CIPO to modernise practice manuals – The Canadian Intellectual Property Office (CIPO) is planning to modernise its Trademarks Examination Manual (TEM) and Industrial Design Office Practice Manual using the Qweri publishing platform. According to a blog post from Oyen Wiggs, the new format will “ensure that CIPO can update these manuals in a timely manner, and also provides new functionality such as links to websites containing relevant information or services”. Beta versions of the manual are currently available online, and CIPO is seeking feedback on them before launch. (TJL)

OAPI hosts IP celebration as Bangui revision looms OAPI hosted the 19th African Day of Technology and Intellectual Property last week with a theme of “invention: engine of industrial development”. The event was attended by members of OAPI staff, IP councils, authorised representatives, and residents of Cameroon; one notable attendee was Mohamed Tahiri, a patent examiner at the Moroccan IP office, who shared “the Moroccan experience in the examination of the substance of inventions”. The event, according to the press release, was particularly timely as OAPI is preparing for the forthcoming entry into force of the revised Bangui Agreement, which could see significant changes to IP proceedings in the country. (TJL)

INAPI offers extension of deadlines for Japanese rights holders – The IP Office of Chile (INAPI) has announced that, due to a recent strong earthquake that affected Japan, it has suspended the notification of resolutions to applications whose applicant or representatives reside in the country. In an announcement from the office, it was confirmed: “In order to facilitate compliance with the stipulated deadlines for all holders of applications whose reported residence corresponds to this country, INAPI has determined the following measures: the suspension of the notification until October 8 of new resolutions in files whose holders are Japanese; and extensions of deadlines in progress will be notified in the administrative files by September 7.” Furthermore, INAPI added that it was not ruling out other measures to help those affected by the earthquake. (TJL)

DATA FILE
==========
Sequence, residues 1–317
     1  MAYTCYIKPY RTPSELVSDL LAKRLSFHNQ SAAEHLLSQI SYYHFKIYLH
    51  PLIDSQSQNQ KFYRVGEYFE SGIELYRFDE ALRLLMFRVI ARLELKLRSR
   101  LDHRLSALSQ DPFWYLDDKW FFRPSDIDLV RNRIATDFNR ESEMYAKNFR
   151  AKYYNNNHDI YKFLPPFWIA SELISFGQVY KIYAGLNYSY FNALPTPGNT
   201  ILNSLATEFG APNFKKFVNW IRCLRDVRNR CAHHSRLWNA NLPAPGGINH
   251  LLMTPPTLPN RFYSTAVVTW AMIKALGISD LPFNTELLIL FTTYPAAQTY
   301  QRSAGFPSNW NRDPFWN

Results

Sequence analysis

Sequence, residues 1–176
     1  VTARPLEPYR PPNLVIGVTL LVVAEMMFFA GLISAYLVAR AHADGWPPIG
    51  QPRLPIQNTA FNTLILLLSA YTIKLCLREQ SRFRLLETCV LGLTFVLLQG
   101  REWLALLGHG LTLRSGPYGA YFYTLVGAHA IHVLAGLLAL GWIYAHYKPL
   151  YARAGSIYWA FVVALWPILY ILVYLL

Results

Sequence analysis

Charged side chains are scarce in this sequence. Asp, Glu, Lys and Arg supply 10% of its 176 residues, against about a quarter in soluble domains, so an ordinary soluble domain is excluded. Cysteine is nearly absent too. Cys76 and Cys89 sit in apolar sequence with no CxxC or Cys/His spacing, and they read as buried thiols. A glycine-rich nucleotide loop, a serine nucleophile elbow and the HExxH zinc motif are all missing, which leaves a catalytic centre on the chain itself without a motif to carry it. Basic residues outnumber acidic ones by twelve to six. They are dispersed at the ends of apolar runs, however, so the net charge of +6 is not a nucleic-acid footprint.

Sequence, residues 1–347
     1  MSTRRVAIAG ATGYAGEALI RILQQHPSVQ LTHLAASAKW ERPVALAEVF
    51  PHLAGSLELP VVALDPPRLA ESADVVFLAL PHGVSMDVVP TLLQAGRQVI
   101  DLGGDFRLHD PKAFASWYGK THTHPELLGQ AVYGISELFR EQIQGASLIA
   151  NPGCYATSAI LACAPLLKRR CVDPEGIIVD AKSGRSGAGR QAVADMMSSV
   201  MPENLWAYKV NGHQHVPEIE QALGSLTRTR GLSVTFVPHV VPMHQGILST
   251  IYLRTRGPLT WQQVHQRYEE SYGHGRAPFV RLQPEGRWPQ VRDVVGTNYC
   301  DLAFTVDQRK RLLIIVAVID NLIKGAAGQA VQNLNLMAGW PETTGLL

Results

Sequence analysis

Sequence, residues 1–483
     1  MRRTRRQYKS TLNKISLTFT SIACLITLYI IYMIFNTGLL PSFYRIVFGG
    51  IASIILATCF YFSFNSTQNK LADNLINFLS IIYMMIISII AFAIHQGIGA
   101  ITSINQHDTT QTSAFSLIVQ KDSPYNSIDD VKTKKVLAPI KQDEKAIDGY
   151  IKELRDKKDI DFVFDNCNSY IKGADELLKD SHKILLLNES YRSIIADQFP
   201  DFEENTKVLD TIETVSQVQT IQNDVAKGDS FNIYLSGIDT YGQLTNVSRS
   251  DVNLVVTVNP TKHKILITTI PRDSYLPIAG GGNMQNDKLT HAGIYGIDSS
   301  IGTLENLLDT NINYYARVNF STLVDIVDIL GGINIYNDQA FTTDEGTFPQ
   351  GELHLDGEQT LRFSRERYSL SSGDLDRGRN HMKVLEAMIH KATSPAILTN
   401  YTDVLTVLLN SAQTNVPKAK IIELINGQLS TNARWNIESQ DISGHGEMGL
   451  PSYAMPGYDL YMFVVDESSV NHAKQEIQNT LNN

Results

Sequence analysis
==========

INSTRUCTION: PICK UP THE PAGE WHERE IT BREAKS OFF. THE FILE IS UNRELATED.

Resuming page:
Media watch:

IP rock stars cap hat trick of titles – Noise in the Basement, an alt-rock band featuring Venable attorneys Andrew Price, Damon Wright, Bri Rizzo, and Steve Freeland, has won the annual Law Rocks DC battle of the bands fundraiser for a third year in a row. The group raised over $20,000 in donations, ticket sales, and sponsorships, of which over $8,000 will be donated to Venable's pro bono client, Together We Bake. Founded in 2012, Together We Bake empowers women who have experienced incarceration, homelessness, and long-term unemployment with the knowledge, job training, and life skills to improve their lives. The band will presumably now be eying a fourth title but in the meantime the WTR team salutes your achievements. (TL)

And finally…

Get the inside track on cost-effectively managing trademark portfolios WTR is pleased to announce that Managing Trademark Assets Europe will be heading to London on 28 January 2019. The event will present cutting-edge strategies for the creation, protection and monetisation of strong brands, with attendees hearing senior in-house counsel across a range of industries discuss how best to manage risk, ensure continued brand protection coverage and communicate the value of brands to the business in a bid to secure multi-stakeholder support. Delegate places cost just £795 but registrants using the code ONLINEEB before 7 December can save £200 on this rate. Click here to register. (TL)